The era of commercial space flight officially begins. SpaceX has sent its first full resupply mission to the International Space Station.
It didn't go off without a hitch — although what hitch there was the SpaceX Falcon 9 rocket booster's computers handled deftly as it blasted a cargo-laden Dragon capsule toward the International Space Station last night.
Something went wrong with one engine, but the Falcon 9 was able to adjust in flight and continue the mission. According to SpaceX, the Falcon 9 is the only rocket currently flying that can do this.
Also, it looks extremely cool when launching at night in Florida (see above).
This is the first of 12 missions that SpaceX will undertake, to resupply the ISS in the wake of the cessation of Space Shuttle flights. The Hawthorne-based startup — whose CEO, Elon Musk, also runs electric carmaker Tesla — proved earlier this year that it could launch a capsule, rendezvous with the ISS, and return cargo to Earth via the old-school splashdown route.
The total contract that SpaceX has with NASA is $1.6 billion. If there are not any additional hitches, Dragon should head back to the Pacific on October 28.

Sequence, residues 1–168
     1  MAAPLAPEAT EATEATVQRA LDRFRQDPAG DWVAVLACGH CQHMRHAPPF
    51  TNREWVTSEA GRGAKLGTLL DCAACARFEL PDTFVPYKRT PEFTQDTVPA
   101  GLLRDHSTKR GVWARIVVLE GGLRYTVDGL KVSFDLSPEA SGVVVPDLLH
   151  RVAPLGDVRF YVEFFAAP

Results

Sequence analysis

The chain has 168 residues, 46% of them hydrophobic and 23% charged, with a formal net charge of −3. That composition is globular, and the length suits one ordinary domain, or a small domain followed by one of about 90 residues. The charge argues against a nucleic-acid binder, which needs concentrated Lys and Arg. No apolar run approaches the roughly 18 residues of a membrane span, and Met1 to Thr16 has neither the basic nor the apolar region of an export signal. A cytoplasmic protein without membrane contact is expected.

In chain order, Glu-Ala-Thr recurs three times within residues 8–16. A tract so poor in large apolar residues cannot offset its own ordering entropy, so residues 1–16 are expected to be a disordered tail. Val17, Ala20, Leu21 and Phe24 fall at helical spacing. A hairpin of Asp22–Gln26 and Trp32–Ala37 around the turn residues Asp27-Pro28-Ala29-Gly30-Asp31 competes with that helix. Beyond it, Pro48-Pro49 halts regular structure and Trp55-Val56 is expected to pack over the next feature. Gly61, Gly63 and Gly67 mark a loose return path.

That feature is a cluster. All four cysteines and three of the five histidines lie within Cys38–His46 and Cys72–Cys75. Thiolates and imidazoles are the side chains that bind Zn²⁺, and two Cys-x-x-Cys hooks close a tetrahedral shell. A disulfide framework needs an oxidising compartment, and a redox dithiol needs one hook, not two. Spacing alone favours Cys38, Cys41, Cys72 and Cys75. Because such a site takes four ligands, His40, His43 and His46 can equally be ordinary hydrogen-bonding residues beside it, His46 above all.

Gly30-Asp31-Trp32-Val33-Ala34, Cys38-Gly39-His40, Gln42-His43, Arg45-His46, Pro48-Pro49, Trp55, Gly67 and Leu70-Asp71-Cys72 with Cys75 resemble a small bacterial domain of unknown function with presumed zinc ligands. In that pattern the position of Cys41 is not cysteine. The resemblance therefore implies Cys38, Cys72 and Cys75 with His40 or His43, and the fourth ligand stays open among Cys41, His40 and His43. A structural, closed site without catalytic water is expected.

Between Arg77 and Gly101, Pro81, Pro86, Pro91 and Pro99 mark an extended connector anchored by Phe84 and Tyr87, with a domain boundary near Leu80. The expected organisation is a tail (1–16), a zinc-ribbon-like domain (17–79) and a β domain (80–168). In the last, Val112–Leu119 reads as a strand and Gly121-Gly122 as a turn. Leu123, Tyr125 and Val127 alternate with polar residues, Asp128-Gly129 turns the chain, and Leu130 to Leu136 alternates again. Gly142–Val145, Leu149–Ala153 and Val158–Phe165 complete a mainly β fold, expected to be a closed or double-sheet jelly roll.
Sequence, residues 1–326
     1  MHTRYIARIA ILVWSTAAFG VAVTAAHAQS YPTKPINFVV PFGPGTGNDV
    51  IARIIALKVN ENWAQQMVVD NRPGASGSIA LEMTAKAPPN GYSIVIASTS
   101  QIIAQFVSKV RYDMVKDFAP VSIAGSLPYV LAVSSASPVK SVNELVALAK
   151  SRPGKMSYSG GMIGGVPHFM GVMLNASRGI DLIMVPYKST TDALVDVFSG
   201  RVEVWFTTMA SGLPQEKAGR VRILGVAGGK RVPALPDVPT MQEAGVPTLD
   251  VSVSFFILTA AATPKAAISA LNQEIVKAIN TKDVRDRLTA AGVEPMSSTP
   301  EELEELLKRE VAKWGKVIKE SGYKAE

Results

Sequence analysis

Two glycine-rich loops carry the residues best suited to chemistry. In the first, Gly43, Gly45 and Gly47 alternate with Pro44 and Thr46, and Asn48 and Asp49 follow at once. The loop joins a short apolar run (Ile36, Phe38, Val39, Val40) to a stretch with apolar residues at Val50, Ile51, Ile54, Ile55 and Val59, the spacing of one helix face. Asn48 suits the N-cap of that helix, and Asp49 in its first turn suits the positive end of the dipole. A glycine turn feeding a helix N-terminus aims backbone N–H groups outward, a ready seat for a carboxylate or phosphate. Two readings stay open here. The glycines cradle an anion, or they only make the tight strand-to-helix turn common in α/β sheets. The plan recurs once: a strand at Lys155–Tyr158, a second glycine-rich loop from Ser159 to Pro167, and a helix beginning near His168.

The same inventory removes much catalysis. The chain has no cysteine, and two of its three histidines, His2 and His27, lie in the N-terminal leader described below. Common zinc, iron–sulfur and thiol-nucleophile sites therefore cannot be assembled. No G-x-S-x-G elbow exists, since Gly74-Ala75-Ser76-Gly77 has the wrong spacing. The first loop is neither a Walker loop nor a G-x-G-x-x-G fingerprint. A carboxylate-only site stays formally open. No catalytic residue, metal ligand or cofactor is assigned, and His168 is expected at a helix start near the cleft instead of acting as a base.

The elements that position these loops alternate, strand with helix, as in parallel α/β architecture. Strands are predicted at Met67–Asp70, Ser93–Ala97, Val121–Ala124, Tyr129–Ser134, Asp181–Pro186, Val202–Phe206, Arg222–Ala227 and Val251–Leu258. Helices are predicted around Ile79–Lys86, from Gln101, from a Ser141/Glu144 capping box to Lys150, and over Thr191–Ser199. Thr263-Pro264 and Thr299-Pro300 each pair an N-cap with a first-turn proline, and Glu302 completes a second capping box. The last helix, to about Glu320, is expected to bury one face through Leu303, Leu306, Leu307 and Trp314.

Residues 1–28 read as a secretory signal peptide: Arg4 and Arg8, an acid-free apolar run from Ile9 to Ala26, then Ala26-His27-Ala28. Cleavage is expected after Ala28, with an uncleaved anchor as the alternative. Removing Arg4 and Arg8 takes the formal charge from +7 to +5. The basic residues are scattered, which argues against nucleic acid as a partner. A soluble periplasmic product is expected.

What is important here is that we've officially entered the realm of commercial space. So far, SpaceX is the only private company that has been able to plan and execute the feat of low-earth-orbit operations formerly handled by governments. If it continues to be able to execute, it will secure a compelling lock on one of the more lucrative aspects of space: Working for NASA.
Why so lucrative — isn't SpaceX offering to do missions at much lower cost that what was previously common?
Yes, but the company is also going for the satellite-launching market. And proving that it can reliably do high-pressure NASA missions only enhances its profile to hurl spaceward cargo that doesn't contain stuff that astronauts need.